Gaslight Anthem's Brian Fallon talks new album

Gaslight Anthem's lead singer Brian Fallon. WENN

Gaslight Anthem's lead singer Brian Fallon. WENN

Darryl Sterdan, QMI Agency

, Last Updated: 11:57 AM ET

Breaking up is hard to do. Owning up can be even harder.

That’s how it is for Gaslight Anthem leader Brian Fallon, anyway. Even though his band’s fifth full-length Get Hurt was informed by his divorce, the singer-guitarist is reluctant to admit he’s made a breakup album.

“Um, that depends on what day you ask me,” the 34-year-old New Jersey native hedges. “It is what happened during that period. And a lot of the stuff in there is about that. A lot of it is about my frustration and my struggle … But I’ll tell you one thing: It’s not (Bob Dylan’s) Blood on the Tracks, that’s for sure. The record is not that. But I’m, uh, developing my opinions as I go.”

It’s not the only development. The disc also showcases a few new wrinkles in Fallon’s songwriting — more metallic guitars, poppier choruses and sonic experimentation — as he continues to evolve beyond the Clash-meets-Springsteen heartland punk of previous releases like The ’59 Sound and American Slang.

With Get Hurt debuting in the top five on Billboard’s album chart, and with the band touring north of the border in September, Fallon weighed in on the Kardashians, turning tragedy into art and how much attention he pays to Robin Thicke. Some highlights:

Congrats on the new album, and condolences on what’s behind it. There’s got be an easier way to get material.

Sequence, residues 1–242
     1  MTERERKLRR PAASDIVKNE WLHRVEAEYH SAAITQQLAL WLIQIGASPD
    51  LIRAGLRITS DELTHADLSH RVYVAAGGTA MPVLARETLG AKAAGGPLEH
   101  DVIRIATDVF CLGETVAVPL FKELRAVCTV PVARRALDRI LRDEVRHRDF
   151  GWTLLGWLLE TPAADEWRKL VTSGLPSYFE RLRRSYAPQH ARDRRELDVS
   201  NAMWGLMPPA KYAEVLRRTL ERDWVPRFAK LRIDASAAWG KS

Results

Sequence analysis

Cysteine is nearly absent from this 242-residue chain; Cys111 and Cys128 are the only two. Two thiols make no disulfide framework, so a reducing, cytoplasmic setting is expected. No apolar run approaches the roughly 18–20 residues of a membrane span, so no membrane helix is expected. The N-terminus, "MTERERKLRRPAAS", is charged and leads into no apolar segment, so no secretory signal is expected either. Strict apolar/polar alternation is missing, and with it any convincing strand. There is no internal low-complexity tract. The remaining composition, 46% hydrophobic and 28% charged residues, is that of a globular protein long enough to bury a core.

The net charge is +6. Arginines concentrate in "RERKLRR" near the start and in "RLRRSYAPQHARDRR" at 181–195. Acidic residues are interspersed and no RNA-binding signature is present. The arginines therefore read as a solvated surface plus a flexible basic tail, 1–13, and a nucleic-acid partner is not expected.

Well, the record is what I did during difficulties. But I wouldn’t say the record is directly about the difficulties — not as much as people think. I’m not writing a news column. It’s not like, here’s the details and here’s the street name. It’s not the Kardashians, it’s a band. I want to write songs people can relate to right away. But I try to write in a broader sense. So it may seem very specific, but it’s not necessarily about the things you think. It’s a funny way of trying to articulate yourself in a song, and sometimes it’s very difficult.

When it was all happening, did you think: Well, this sucks, but it’s gonna make a great record?

Nah, I don’t look at it that way. And I don’t think it works that way. That’s just a weird thing people say to musicians. I would hope people could create art out of things other than just tragedy.

Sure, but people say heartbreak and tragedy provide the best inspiration. What do you think?

I think my thoughts are changing as I go. (Laughs) I’m sitting here talking from one point of view today, but that may change in the future. I’ll tell you in three years; that’s when I usually know the meaning behind what I’ve written about. My feelings about writing change all the time, especially from record to record.

Will these songs be hard to perform because of what’s behind them?

Nah. You work through whatever you’re going through at the time you write them. Once you have something done that people are resonating to, it almost becomes more about the people that you’re singing to and what it means to them.

So you don’t have to revisit those emotions every night?

I used to think that was the only way to do it; to relive the song every day on the stage. But not any more. I think you have to mean it, and as long as you mean it, you’re all right.

Well, this album shouldn’t hurt your chances with women. You come off very sympathetic.

(Laughs) Don’t be too quick to judge who’s sympathetic, if you know what I mean. You never can tell. There’s always, like, 40 sides to every story.

I think everyone’s just glad you didn’t pull a Robin Thicke.

Why? What did he do?

He named his album Paula after his ex and spent the whole disc trying to win her back.

Really? Wow. That’s funny. I guess that’s what he needed to do. I hadn’t heard that! I really don’t pay attention to Robin Thicke. (Laughs)

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